Using a vitamin that is already on the market, Toronto scientists suspect they have found a way to make old human eggs young again – a prospect that could turn back time on a woman's biological clock and extend her natural ability to have a healthy child.
The treatment has so far only been shown to work in animals, but word has spread so widely on the Internet that anxious women even outside Canada have begun dosing themselves with "CoQ-10," a natural antioxidant used in anti-aging skin creams and increasingly in medical research and treatments.
The quality of a woman's eggs drops sharply after age 35, increasing the risk of miscarriage and chromosomal abnormalities such as Down syndrome. Yet ever more women delay having children into their late 30s and 40s, and figuring out how to keep human eggs healthy beyond that time is one of the tallest hurdles in reproductive medicine.
By injecting "old, retired breeder" mice with CoQ-10, scientists at the University of Toronto say they were able to rejuvenate the animals' eggs – spurring more eggs to develop, and of a quality as genetically normal as the eggs of mice in their prime. The offspring of the treated older mice, the human equivalent of age 50, also looked as healthy as those with younger mothers.
Animal research rarely translates perfectly into people. But the work looks promising and safe enough that researchers have ethics approval through Mount Sinai Hospital to test the treatment for two months in 50 women over age 35.
"My feeling is that it works. … I don't think it will delay the onset of menopause, but I do think it will improve the quality of eggs," said U of T study leader Robert Casper, a senior scientist at Sinai's Samuel Lunenfeld Research Institute. "People are very excited about it."
Dr. Casper is to present the work today at the annual meeting of the Canadian Fertility and Andrology Society conference in Toronto.
Yet doctors are having a hard time convincing women to join the study – none of those eligible want to end up in the group that gets the placebo instead of the experimental treatment. "A lot of women are just going ahead and taking it themselves," Dr. Casper said. At the same time, he says patients who heard about the trial at his fertility clinic, the Toronto Centre for Advanced Reproductive Technology, have then shared the news on the Web.
"I heard from a physician in Colorado, who told me that women in his practice were all taking it … but he didn't know why until he heard a presentation I gave."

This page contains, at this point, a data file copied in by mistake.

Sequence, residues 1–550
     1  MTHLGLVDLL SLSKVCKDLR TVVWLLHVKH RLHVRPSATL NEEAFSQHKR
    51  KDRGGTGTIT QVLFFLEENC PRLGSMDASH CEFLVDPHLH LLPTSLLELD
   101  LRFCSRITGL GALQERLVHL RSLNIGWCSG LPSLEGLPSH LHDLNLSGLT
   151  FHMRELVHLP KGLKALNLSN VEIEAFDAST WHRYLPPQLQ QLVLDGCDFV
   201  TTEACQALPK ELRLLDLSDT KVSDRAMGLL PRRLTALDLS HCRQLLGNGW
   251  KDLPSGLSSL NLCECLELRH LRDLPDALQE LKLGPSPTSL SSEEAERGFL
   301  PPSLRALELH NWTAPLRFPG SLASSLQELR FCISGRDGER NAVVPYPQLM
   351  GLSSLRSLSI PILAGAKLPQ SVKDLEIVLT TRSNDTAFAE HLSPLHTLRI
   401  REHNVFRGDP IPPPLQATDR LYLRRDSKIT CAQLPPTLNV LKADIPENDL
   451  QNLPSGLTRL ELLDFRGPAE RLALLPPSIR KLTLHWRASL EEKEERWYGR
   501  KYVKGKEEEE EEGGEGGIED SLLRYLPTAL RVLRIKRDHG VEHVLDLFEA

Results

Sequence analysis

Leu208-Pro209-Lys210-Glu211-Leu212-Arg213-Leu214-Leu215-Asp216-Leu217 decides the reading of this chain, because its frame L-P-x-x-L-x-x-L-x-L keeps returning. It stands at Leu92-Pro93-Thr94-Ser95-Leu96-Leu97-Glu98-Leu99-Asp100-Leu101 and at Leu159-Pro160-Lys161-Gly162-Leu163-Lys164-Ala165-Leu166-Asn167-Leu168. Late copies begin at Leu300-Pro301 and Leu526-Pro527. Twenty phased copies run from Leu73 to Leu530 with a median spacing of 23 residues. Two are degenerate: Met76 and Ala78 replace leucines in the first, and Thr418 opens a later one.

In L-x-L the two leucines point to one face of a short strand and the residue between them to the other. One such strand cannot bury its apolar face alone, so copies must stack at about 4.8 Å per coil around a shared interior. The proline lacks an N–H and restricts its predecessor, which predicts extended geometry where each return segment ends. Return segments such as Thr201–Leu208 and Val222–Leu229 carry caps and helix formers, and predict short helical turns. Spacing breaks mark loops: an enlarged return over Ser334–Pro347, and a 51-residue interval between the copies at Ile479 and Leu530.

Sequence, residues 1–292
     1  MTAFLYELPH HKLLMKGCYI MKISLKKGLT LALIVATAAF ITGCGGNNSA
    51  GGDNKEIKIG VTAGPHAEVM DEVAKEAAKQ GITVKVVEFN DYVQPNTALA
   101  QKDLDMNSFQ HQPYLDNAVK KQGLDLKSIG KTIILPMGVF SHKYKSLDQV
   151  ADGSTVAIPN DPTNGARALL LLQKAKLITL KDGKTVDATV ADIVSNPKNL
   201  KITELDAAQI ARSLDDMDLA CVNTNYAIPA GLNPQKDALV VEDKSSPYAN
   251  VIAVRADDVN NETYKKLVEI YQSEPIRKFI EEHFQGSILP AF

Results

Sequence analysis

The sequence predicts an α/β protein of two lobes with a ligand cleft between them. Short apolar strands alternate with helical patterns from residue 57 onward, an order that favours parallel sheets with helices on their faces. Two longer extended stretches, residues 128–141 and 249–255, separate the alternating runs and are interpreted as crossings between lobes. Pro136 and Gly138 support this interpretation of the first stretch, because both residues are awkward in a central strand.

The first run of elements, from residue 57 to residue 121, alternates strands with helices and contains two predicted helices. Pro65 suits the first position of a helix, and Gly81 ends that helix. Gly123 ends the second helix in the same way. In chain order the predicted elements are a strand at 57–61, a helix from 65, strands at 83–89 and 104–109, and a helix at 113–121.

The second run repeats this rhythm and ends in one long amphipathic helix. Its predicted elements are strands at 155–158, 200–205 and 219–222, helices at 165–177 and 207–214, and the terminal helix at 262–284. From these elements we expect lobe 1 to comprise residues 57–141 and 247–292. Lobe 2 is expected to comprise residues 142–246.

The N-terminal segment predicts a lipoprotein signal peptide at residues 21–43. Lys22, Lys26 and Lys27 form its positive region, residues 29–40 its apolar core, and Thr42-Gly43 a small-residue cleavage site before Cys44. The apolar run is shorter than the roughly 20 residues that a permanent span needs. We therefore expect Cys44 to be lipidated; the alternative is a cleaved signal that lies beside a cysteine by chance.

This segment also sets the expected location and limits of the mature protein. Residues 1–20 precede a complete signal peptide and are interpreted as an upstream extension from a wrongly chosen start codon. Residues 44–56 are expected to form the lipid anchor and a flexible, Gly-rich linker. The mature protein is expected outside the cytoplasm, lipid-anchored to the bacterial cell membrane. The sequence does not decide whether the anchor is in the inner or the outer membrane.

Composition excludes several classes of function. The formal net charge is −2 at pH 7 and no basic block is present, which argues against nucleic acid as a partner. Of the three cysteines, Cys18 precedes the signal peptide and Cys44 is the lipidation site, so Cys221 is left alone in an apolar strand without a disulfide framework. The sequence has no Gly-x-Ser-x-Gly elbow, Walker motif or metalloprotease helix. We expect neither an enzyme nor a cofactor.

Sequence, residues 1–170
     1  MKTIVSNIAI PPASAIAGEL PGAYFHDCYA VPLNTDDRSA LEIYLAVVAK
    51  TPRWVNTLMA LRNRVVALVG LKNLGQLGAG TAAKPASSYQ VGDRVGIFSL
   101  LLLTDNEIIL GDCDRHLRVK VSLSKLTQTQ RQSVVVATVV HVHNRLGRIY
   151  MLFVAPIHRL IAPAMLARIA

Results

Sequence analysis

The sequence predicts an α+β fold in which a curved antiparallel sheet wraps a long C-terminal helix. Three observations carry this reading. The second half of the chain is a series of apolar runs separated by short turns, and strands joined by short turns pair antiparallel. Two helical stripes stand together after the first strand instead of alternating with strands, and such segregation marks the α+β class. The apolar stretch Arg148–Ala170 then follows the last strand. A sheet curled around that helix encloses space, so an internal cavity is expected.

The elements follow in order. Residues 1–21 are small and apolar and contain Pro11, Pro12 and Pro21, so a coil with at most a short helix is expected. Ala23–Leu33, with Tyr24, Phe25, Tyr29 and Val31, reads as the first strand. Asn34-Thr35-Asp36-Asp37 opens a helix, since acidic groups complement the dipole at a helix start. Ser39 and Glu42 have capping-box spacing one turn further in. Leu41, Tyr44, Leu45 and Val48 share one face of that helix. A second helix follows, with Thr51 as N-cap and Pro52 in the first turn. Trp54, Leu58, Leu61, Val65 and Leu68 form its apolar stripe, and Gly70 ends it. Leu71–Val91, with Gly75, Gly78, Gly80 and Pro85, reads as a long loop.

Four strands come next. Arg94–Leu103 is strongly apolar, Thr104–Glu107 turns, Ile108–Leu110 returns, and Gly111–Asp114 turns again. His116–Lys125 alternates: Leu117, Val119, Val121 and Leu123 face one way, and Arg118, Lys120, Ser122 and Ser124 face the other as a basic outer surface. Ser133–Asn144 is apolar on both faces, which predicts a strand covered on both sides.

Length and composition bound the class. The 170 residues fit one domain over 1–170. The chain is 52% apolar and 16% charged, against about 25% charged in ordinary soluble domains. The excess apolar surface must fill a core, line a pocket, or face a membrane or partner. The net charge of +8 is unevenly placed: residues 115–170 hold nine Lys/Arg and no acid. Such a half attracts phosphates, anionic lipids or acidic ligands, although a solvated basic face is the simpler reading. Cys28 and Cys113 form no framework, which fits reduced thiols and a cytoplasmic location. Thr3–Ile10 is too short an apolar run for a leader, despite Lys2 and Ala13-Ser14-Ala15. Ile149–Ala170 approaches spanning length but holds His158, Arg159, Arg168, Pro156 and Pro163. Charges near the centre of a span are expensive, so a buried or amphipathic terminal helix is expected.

To date, the only known side effects of CoQ 10, Dr. Casper says, is that some women taking it suffer from insomnia.
Roger Pierson, a infertility expert at the University of Saskatchewan, who takes CoQ-10 daily for its heart benefits, said "it makes sense that it might help eggs overcome environmental insults."
"It's absolutely brilliant that it worked this way in animals, but the reality is there's no way to compare old mice eggs with old human eggs," Dr. Pierson said. "I will be very interested to see the data coming out."
Freezing human eggs has been one promising way to extend their lifespan. But removing a woman's eggs to freeze for later use is risky, invasive and expensive.
Searching for other ways to keep eggs young, researchers have looked to their energy source – special structures inside them called mitochondria. Like batteries, mitochondria power operations in every cell. But the egg, explains University of Toronto scientist Robert Casper, has much more of them – about 200 times more.
This, he says, is because the human egg is like that "flashlight in the closet you leave on the shelf at the cottage for years." It lies dormant until a girl hits puberty, when eggs mature monthly.
But after 35 years, the batteries wear down. At age 40, nine out of 10 eggs are abnormal, he says. But CoQ-10 is like "a fuel source" that helps keep the cellular batteries powered up – perhaps even in the human egg.
Discovered in the 1950s, Q-10 is a form of enzyme the body makes naturally. It can boost the energy output of mitochondria and help repair them. It can also be made in a lab, and demand for it has spiked as a potential treatment in neurological disorders, cancers, diseases of the heart, muscles and gums.